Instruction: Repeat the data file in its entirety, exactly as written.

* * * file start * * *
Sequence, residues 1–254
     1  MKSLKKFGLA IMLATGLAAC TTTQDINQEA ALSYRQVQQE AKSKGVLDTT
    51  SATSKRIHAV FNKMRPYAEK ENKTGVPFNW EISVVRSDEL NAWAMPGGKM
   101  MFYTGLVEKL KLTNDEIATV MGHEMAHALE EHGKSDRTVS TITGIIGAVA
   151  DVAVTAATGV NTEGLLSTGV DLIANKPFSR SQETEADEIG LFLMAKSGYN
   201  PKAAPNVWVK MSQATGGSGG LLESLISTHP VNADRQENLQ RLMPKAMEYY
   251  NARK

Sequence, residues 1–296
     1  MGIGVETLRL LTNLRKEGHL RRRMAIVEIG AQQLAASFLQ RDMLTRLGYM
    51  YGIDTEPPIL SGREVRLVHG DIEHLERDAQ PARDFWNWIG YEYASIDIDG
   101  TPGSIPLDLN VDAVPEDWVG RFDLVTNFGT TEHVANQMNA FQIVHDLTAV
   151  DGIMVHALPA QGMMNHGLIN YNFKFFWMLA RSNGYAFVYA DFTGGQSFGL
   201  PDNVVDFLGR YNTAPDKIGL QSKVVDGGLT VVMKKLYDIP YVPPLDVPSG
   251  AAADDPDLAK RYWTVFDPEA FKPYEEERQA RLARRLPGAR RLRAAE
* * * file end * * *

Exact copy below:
Sequence, residues 1–254
     1  MKSLKKFGLA IMLATGLAAC TTTQDINQEA ALSYRQVQQE AKSKGVLDTT
    51  SATSKRIHAV FNKMRPYAEK ENKTGVPFNW EISVVRSDEL NAWAMPGGKM
   101  MFYTGLVEKL KLTNDEIATV MGHEMAHALE EHGKSDRTVS TITGIIGAVA
   151  DVAVTAATGV NTEGLLSTGV DLIANKPFSR SQETEADEIG LFLMAKSGYN
   201  PKAAPNVWVK MSQATGGSGG LLESLISTHP VNADRQENLQ RLMPKAMEYY
   251  NARK

Sequence, residues 1–296
     1  MGIGVETLRL LTNLRKEGHL RRRMAIVEIG AQQLAASFLQ RDMLTRLGYM
    51  YGIDTEPPIL SGREVRLVHG DIEHLERDAQ PARDFWNWIG YEYASIDIDG
   101  TPGSIPLDLN VDAVPEDWVG RFDLVTNFGT TEHVANQMNA FQIVHDLTAV
   151  DGIMVHALPA QGMMNHGLIN YNFKFFWMLA RSNGYAFVYA DFTGGQSFGL
   201  PDNVVDFLGR YNTAPDKIGL QSKVVDGGLT VVMKKLYDIP YVPPLDVPSG
   251  AAADDPDLAK RYWTVFDPEA FKPYEEERQA RLARRLPGAR RLRAAE